Tag Archives: child custody

IL divorce attorneyWhen two parents get divorced it typically means that the children of that marriage will spend much less time with one of their parents. Historically speaking, the parent to lose the most time with their children has been the father. Although today, Illinois courts are not supposed to take gender into consideration when allocating parenting time, the sad fact is that many still do. The data is there to support the notion that mothers are usually awarded the most time with their children. However, a new bill has been introduced into the Illinois House of Representatives, and it may mean equal time for both parents in future divorce cases.

Minimum Parenting Time in Illinois

Most people agree that when both parents are fit to raise their child, it is in that child’s best interests to spend equal time with both parents. Unfortunately, that rarely happens in Illinois and legal authorities in the state have continued to support favoring one parent over the other.

The Illinois Family Law Study Committee has found that it is in the best interests of the child to spend at least 35 percent of weekly time with each parent when both parents have been deemed good and fit. Although the Illinois State Bar Association also publicly supports equal parenting time, they have opposed the notion of each parenting getting that amount of time. In fact, the Association does not have a minimum amount of time at all for parents that are considered fit to spend time with their children.

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IL divorce lawyerWhen getting a divorce, couples have a lot to think about. They will likely wonder what will happen to their car, to the marital home, and other assets. One factor that is often overlooked though, is the family pet. If the pet was acquired during the marriage, it is considered marital property. So, when this is the case, what happens to the pets in an Illinois divorce?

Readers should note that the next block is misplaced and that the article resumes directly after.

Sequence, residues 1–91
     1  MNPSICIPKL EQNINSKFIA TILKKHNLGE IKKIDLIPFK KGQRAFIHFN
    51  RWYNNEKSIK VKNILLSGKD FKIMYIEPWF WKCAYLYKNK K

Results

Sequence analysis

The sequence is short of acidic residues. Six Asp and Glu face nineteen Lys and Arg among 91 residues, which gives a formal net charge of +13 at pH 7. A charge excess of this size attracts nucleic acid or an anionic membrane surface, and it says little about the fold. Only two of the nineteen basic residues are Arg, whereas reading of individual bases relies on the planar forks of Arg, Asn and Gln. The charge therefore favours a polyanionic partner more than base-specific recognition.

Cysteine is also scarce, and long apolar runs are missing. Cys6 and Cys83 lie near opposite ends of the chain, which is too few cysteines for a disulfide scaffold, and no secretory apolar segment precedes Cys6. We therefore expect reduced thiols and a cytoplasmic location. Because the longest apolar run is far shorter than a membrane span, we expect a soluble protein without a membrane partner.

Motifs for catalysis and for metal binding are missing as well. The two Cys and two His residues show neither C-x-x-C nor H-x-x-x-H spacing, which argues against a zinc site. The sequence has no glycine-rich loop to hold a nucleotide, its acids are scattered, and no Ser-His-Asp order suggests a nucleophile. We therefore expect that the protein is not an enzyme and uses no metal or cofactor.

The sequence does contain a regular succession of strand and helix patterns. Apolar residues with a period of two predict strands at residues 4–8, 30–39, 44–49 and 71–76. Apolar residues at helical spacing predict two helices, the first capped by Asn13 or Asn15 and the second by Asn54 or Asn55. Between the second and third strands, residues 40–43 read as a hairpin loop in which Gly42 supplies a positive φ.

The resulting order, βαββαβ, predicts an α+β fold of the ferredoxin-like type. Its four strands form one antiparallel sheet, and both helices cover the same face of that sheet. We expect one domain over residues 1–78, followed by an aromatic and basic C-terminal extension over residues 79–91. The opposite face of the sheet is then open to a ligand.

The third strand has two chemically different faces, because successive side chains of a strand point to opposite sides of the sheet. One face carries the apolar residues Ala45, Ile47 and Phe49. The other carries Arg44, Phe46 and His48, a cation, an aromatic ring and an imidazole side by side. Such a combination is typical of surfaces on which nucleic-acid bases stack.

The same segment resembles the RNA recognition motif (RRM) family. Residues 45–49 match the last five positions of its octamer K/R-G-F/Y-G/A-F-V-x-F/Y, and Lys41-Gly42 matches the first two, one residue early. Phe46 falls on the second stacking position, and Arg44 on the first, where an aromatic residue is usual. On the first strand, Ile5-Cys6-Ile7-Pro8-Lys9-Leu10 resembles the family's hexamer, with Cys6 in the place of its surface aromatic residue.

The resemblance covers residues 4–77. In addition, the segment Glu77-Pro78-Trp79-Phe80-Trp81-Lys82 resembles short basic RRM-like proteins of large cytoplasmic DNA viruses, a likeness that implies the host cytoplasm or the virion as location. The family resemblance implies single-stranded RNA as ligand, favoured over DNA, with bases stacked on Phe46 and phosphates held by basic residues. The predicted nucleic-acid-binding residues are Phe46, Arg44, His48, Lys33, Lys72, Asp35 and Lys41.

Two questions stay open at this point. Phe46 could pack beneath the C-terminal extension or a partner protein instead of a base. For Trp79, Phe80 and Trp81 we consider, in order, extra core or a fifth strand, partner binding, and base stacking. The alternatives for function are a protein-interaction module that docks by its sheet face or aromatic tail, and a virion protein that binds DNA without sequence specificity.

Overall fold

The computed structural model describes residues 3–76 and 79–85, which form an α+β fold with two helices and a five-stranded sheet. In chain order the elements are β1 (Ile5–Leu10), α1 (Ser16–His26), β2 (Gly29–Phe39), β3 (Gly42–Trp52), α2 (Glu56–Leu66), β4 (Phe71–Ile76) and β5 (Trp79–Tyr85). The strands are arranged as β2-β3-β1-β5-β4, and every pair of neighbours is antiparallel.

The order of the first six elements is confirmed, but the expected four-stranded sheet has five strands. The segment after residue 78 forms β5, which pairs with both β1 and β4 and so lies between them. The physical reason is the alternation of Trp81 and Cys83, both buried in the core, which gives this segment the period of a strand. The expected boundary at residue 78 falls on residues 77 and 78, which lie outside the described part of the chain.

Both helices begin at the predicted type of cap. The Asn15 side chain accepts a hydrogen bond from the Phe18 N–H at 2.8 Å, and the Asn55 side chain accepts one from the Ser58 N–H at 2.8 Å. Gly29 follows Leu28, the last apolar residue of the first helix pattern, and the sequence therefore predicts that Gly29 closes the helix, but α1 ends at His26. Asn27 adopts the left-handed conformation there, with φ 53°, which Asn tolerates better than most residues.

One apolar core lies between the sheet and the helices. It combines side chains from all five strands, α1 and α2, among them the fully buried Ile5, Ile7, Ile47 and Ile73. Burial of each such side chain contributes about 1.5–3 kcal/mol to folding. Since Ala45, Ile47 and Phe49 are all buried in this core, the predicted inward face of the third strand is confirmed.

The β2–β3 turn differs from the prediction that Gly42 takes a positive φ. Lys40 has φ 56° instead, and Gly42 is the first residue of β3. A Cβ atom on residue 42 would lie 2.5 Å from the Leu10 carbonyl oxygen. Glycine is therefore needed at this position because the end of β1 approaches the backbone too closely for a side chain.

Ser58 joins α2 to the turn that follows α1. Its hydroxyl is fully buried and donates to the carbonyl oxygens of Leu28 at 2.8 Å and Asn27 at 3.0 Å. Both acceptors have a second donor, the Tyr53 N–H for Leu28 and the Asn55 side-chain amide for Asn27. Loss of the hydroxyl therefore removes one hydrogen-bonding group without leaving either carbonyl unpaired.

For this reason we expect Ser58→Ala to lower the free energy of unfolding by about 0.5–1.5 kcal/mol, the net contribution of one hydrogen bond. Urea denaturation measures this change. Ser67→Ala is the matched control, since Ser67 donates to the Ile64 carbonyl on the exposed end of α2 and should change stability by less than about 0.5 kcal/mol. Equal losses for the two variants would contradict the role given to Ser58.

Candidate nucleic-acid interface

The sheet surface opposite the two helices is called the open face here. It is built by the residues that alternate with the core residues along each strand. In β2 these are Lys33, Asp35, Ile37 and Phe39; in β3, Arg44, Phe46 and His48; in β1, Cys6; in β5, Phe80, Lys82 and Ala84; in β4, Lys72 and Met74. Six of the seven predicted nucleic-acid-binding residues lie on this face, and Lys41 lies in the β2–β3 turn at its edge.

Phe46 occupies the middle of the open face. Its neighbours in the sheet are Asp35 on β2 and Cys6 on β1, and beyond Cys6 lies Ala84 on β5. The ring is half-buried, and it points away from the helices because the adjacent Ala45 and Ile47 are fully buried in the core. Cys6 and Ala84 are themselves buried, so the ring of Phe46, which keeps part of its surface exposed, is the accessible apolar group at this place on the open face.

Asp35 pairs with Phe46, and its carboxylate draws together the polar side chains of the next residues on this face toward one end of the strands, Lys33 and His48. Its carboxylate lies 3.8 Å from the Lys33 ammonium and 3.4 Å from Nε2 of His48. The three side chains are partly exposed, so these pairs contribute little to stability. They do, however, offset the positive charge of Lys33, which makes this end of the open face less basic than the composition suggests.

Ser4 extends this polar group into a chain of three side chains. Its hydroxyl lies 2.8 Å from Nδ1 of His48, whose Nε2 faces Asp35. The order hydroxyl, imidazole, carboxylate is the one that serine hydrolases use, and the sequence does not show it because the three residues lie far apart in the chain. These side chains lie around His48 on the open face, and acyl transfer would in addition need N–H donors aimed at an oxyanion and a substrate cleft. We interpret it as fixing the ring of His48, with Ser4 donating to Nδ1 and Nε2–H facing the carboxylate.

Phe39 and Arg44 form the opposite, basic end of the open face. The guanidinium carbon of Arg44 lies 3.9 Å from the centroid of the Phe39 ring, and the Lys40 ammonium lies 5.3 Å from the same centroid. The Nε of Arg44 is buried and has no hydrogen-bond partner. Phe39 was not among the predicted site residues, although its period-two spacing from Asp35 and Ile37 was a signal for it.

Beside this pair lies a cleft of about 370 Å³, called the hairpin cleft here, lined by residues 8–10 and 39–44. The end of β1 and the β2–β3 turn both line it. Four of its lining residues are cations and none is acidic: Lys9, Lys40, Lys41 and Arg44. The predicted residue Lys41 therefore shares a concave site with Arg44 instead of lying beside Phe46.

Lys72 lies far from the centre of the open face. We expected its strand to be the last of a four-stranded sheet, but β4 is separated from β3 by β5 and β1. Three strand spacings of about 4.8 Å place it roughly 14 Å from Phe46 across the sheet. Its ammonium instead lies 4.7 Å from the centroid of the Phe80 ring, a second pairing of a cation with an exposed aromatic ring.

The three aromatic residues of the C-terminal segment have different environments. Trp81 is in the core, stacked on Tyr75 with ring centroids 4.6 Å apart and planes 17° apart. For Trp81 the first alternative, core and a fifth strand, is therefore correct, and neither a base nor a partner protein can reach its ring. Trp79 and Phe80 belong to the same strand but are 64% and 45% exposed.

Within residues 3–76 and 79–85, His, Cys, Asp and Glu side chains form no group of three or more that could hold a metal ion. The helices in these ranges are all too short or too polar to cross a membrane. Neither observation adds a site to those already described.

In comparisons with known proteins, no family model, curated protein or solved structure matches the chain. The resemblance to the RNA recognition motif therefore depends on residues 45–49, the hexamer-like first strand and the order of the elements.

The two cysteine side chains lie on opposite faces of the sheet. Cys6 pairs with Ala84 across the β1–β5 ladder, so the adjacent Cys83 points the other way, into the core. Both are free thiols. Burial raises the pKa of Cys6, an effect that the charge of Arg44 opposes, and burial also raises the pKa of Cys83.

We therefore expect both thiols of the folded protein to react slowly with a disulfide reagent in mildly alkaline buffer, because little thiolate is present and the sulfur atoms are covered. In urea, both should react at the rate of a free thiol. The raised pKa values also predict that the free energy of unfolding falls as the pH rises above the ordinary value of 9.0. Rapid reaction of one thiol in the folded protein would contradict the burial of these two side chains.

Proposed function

Pets According to Property Division Rules

In many cases, the courts may choose to include the pet in property division hearings. This means it will be treated just like other property. Illinois is an equitable distribution state. That means that property is divided fairly, although not necessarily equally. Of course, a pet cannot be divided, leaving many couples again wondering what will happen to it in a divorce.

If one of the spouses really wants to keep the pet and both spouses can agree, the courts may grant ownership to the spouse that wants to keep the animal. In exchange, the courts will also likely grant the other spouse a greater portion of other property or assets, in order to keep property division hearings fair.

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IL divorce lawyerWhen two people decide to make a split in their relationship, one of the first and most difficult decisions is often where the couple will live. If they are not married but only living together, the choice is often much simpler, as the person whose name is on the lease or mortgage will inevitably retain use of the property. If a true joint lease or mortgage, then it can indeed be every bit as complicated. But for a married couple - especially with children - the challenge is deciding who will stay in the marital home. In most cases, men tend to be the ones to depart quickly upon conflict. But this may not always be a good decision. So, before you move out of the marital home, here are some considerations you might want to discuss with a DuPage County divorce lawyer.

He Who Stays and He Who Pays

Effective January of 2019, Illinois’ child support statute has dramatically changed. Unlike before, the law no longer creates a strict guideline based on just the number of children a couple has. Instead, the new law takes into considerations such as:

  • How many children the couple has
  • Whether there are children from other relationships
  • Who is paying health and dental insurance